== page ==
List of what you can and cannot do during the COVID-19 lockdown, issued by the MHA.
With the first phase over and 19 days to go for the second phase to end many of us are counting down the days to when the lockdown will end.
During this second phase, the Ministry of Home Affairs (MHA) has issued a detailed document outlining what is allowed and not allowed during this phase, and this in this article, we break it down for you.
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First things first. Until 20 April 2020, the lockdown will be observed in the strictest sense of the word and everything will continue as is, however, post that, states have been permitted to access the situation and take a call on how they wish to proceed.
What remains inoperative
• Travel by air, rail, road, and metro.
• Inter-district and inter-state movement except for a medical purpose.
• Operation of educational and training institutions.
• Any industrial or commercial activity.
• All cinema halls, theatres, places of shopping including malls, entertainment parks, and pubs.
• All hospitality services.
• All social, political, sporting, and cultural events.
• All religious places of worship.
• In case of a funeral, no more than 20 people will be allowed to congregate.
• Taxis, including auto-rickshaws and cycle rickshaws, and services of cab aggregators.
What will be functional?
• Hospitals, nursing homes, clinics, and telemedicine facilities.
• Dispensaries, pharmacies, chemists, Jan Aushadi Kendras, and medical equipment shops.
• Medical laboratories and collection centres.
• Pharmaceutical and medical labs researching COVID-19.
• Veterinary hospital, dispensaries and clinics.
• Manufacturing units of drugs, medical devices, medical oxygen.
• Agriculture and other related activities.
• Mandis operated by the Agriculture Produce Market Committee.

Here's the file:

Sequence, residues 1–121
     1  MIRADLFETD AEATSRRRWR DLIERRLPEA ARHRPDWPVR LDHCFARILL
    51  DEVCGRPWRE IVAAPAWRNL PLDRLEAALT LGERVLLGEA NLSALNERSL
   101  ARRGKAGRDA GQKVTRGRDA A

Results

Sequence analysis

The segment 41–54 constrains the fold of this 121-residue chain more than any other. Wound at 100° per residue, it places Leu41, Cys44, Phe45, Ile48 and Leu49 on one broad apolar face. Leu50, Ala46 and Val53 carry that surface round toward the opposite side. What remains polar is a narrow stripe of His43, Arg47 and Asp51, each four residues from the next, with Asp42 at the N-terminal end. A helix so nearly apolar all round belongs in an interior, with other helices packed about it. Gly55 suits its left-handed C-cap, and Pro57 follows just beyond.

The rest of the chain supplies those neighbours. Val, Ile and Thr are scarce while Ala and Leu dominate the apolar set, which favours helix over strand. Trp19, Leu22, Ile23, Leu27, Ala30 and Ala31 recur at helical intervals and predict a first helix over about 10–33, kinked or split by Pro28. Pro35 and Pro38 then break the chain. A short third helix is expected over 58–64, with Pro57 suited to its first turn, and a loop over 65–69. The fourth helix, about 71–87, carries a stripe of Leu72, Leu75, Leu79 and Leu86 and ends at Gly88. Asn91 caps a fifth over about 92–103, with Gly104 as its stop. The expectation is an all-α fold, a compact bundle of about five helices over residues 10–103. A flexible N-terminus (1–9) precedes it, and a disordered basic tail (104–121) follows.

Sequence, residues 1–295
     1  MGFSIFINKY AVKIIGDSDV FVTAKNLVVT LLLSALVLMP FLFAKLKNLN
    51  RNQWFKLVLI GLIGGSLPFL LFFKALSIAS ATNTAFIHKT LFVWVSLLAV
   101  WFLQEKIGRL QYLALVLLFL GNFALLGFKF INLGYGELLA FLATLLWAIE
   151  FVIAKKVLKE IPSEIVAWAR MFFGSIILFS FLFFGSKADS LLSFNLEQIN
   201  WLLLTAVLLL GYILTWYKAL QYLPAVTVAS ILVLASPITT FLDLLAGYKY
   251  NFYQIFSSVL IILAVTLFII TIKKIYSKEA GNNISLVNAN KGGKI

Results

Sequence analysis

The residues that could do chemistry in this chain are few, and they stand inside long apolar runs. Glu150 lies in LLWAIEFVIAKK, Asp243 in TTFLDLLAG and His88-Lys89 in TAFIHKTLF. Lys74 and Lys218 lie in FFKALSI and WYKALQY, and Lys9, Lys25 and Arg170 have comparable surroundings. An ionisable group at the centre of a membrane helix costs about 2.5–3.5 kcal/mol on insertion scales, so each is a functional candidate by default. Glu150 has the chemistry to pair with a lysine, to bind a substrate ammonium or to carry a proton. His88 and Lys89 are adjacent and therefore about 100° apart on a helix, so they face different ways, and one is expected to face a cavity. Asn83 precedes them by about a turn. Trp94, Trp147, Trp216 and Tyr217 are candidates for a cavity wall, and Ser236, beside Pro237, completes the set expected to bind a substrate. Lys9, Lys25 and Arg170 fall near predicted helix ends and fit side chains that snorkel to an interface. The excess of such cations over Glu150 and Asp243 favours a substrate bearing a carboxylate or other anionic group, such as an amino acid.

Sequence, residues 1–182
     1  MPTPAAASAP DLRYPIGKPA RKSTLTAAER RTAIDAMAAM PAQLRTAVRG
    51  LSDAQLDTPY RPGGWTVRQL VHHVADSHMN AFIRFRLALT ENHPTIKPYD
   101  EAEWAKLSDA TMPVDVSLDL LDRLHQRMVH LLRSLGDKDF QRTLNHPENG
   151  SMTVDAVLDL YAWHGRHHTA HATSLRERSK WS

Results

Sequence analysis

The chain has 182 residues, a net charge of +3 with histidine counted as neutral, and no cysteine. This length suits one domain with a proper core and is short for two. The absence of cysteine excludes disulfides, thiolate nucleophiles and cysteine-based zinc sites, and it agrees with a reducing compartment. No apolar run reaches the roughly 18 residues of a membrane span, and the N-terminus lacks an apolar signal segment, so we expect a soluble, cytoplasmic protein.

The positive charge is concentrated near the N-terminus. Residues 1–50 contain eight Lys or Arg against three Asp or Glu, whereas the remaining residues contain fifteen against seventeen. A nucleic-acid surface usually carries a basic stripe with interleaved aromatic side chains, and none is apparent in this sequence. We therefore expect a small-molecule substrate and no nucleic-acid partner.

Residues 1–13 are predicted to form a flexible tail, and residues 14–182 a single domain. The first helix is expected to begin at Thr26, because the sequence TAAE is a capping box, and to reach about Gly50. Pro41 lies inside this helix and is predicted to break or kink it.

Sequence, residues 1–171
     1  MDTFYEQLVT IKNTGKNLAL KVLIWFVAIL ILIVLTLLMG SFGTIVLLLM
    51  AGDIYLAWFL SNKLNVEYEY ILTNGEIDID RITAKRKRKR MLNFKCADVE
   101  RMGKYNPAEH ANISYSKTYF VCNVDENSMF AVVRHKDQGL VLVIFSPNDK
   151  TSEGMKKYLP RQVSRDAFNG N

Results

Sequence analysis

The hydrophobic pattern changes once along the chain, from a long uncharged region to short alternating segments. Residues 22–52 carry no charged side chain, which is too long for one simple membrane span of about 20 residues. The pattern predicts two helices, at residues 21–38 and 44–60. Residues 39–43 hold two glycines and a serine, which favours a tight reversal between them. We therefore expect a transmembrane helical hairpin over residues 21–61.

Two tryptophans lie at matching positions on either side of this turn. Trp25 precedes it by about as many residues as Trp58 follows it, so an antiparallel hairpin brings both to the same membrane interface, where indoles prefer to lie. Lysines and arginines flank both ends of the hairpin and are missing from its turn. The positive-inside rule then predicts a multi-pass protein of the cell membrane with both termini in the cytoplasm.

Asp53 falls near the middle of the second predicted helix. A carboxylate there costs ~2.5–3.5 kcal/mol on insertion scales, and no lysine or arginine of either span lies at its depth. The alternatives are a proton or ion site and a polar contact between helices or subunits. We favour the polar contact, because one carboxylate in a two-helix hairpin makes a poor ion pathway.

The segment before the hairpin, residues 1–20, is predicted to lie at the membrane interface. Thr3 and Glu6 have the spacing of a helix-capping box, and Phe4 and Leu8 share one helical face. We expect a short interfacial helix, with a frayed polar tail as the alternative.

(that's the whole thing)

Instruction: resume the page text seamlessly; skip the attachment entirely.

• Manufacturing, distribution, and retail of fertilisers, pesticide, and seeds.
• Operation of tea, coffee and rubber plantation with a maximum of 50 per cent workforce.
• Processing, packaging, marketing and sale of tea, coffee, rubber and cashew with a maximum of 50 per cent workforce.
• Bank branches and ATMs.
• IRDAI and Insurance companies.
• Operation of homes for senior citizens, children, those with disabilities, women, destitutes.
• Observations homes, aftercare centres for juveniles.
• Postal service; including post offices.
• Courier services.
• Operations of utilities providing telecommunication and internet service.
• Hotels, home-stays, lodges, and motels that are currently accommodating tourists and persons stranded due to lockdown, medical emergency staff, and air and sea crew.
• Construction of renewable energy projects.
• Construction of roads, irrigation projects, building and other industrial projects outside the limit of municipal corporations and municipalities.
Movement of people is allowed for the following
• Private vehicles for emergency services, which includes being out for the procurement of essential commodities. In such cases, one passenger besides the private vehicle driver can be permitted in the backseat, in case of a four-wheeler. In case of a two-wheeler, only one person will be allowed.
• Police, home guards, civil defence, fire service personnel, disaster management, prisons and municipal authorities will function without any disruptions.
How one should behave in public spaces
• Wearing a face mask/face cover is compulsory.
• Social distancing norms to be followed in the strictest sense in workplaces.
• More than five people cannot gather in one place.
• Gatherings like marriages and funerals to be regulated by the District Magistrate.
• Spitting in public spaces to be fined.
• Lunch breaks at workplaces to be staggered to ensure that social distancing is practised.
• Persons above 65-years-of-age and persons with co-morbidities and parents of children below the age of 5-years-of-age to be encouraged to work from home.
• Use of Aarogya Setu app to be encouraged for all private and public employees.
• All organisations will need to sanitise the workplace between shifts.
Disobeying or wilfully flouting any of the rules mentioned above will lead to strict penal consequences.
If you wish to read the complete order, you can access it here.
(Edited by Gayatri Mishra)